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Satisfying the Hensel lemma.

If $K$ is a field equipped with a valuation $v$ and if the Hensel lemma is true for the valuation ring of $v$, then $(K,v)$ is called a Henselian field and $v$ is called a Henselian valuation. See also Henselization of a valued field; Ramification theory of valued fields.

If $K$ is complete in the topology induced by $v$, and if its value group (cf. also Valuation) is an Archimedean group, then $v$ is Henselian. But contrary to completeness, being Henselian can be axiomatized in a first-order language of valued fields (by an infinite set of axioms expressing the validity of the Hensel lemma). Moreover, a complete field need not be Henselian if its value group is not Archimedean. Therefore, in general valuation theory and in the model theory of valued fields, being Henselian has turned out to be more appropriate than completeness.

Several equivalent conditions for a field to be Henselian, including an implicit function theorem, are stated in [a1]; see also [a4]. For the connection with other topological fields (cf. Topological field) satisfying the implicit function theorem, see [a3].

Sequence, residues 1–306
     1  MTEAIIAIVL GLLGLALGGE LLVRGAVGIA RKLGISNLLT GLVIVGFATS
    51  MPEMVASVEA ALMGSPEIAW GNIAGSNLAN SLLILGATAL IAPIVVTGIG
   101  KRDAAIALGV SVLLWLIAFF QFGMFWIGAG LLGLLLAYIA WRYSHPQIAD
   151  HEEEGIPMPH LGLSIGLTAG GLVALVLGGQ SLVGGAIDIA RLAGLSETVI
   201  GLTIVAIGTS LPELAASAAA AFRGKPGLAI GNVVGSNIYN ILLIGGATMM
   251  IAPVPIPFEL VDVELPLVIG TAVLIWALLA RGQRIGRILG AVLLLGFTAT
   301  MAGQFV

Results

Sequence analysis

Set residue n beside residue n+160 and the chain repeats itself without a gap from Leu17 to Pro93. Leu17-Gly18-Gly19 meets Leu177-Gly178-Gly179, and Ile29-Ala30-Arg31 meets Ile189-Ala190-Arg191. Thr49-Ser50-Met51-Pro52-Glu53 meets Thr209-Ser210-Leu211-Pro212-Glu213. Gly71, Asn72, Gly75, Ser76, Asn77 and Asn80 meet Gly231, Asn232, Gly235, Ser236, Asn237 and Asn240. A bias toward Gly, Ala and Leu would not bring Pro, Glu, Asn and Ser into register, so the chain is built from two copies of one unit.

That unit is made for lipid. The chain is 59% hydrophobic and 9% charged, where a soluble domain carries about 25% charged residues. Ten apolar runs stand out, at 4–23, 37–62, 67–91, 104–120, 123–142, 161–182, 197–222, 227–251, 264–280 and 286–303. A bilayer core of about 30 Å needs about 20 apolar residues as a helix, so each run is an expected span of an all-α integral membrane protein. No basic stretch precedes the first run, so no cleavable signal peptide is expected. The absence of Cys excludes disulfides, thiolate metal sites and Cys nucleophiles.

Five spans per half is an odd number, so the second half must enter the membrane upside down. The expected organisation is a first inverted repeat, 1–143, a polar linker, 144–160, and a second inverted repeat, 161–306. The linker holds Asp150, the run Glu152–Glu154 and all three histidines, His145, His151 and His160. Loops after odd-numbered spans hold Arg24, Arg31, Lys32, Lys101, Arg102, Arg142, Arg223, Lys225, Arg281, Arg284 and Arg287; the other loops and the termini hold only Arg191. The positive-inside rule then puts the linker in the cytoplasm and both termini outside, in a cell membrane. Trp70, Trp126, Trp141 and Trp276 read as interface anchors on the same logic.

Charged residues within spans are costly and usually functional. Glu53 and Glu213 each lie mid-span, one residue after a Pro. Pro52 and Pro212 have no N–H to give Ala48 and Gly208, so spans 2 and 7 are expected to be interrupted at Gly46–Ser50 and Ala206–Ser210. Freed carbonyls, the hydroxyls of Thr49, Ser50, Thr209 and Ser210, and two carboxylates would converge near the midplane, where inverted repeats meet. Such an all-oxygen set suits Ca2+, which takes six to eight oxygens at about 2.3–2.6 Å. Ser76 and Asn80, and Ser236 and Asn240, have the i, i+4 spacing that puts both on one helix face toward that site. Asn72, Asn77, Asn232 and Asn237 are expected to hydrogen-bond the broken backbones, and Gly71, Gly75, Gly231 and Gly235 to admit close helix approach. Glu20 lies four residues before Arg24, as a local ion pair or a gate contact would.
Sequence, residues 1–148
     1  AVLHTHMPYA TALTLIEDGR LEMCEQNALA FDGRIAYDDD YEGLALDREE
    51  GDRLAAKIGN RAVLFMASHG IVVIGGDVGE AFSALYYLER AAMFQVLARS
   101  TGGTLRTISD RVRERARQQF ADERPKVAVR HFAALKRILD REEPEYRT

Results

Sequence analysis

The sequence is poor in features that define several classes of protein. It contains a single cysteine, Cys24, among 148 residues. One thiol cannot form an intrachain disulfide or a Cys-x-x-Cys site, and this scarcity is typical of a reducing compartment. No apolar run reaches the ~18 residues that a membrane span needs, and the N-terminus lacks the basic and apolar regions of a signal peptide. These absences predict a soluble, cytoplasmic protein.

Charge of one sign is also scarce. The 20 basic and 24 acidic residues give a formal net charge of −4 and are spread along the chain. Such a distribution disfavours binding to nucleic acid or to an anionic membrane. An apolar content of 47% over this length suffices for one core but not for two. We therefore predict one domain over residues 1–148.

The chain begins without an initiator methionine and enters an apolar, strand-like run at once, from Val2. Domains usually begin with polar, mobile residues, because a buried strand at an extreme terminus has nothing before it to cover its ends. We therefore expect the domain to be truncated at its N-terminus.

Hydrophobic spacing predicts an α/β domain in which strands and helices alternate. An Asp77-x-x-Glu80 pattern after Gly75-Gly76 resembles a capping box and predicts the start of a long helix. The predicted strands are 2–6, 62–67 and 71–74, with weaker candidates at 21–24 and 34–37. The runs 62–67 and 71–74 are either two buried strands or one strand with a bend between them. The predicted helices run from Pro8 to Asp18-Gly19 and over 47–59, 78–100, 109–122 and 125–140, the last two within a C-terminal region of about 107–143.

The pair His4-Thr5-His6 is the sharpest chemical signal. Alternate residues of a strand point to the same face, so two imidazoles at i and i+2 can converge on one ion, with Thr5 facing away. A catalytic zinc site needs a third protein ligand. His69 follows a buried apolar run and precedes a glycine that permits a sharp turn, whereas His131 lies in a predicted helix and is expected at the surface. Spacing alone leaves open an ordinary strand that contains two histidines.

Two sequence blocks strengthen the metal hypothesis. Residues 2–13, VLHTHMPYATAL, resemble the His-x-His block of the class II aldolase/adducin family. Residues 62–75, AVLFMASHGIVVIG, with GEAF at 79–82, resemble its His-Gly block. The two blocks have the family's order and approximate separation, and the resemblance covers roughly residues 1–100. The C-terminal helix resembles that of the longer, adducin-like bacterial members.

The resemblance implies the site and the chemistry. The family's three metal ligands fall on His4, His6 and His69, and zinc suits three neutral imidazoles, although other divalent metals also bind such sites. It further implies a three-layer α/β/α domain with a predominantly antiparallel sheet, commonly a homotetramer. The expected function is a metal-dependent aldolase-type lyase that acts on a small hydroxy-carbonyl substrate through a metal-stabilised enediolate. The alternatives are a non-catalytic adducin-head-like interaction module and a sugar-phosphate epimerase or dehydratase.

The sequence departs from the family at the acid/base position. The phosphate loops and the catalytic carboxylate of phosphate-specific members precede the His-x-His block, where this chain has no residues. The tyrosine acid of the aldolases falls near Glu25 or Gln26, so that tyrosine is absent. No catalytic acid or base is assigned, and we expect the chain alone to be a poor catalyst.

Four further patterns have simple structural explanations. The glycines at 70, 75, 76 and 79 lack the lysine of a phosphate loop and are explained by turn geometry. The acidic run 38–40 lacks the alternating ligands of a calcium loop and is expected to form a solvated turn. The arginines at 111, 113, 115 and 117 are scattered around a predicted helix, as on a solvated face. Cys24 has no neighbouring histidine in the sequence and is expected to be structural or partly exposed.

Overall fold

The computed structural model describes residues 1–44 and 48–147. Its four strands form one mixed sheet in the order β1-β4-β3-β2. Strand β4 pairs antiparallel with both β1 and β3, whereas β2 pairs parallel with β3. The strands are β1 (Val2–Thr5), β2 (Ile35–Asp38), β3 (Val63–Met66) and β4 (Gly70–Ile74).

It was proved by F.K. Schmidt in 1933 that if a field admits two independent non-trivial Henselian valuations, then it must be separably algebraically closed. For refinements of this result, see [a5]. For a further generalization and an application, see [a2].

See also Hensel ring.


[a1] F.-V. Kuhlmann, "Valuation theory of fields, abelian groups and modules" , Algebra, Logic and Applications , Gordon&Breach (to appear)
[a2] F. Pop, "On Grothendieck's conjecture of birational anabelian geometry" Ann. of Math. , 138 (1994) pp. 145–182
[a3] A. Prestel, M. Ziegler, "Model theoretic methods in the theory of topological fields" J. Reine Angew. Math. , 299/300 (1978) pp. 318–341
[a4] P. Ribenboim, "Equivalent forms of Hensel's lemma" Expo. Math. , 3 (1985) pp. 3–24
[a5] S. Warner, "Topological fields" , Mathematics Studies , 157 , North-Holland (1989)
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Henselian. Encyclopedia of Mathematics. URL:
This article was adapted from an original article by F.-V. Kuhlmann (originator), which appeared in Encyclopedia of Mathematics - ISBN 1402006098. See original article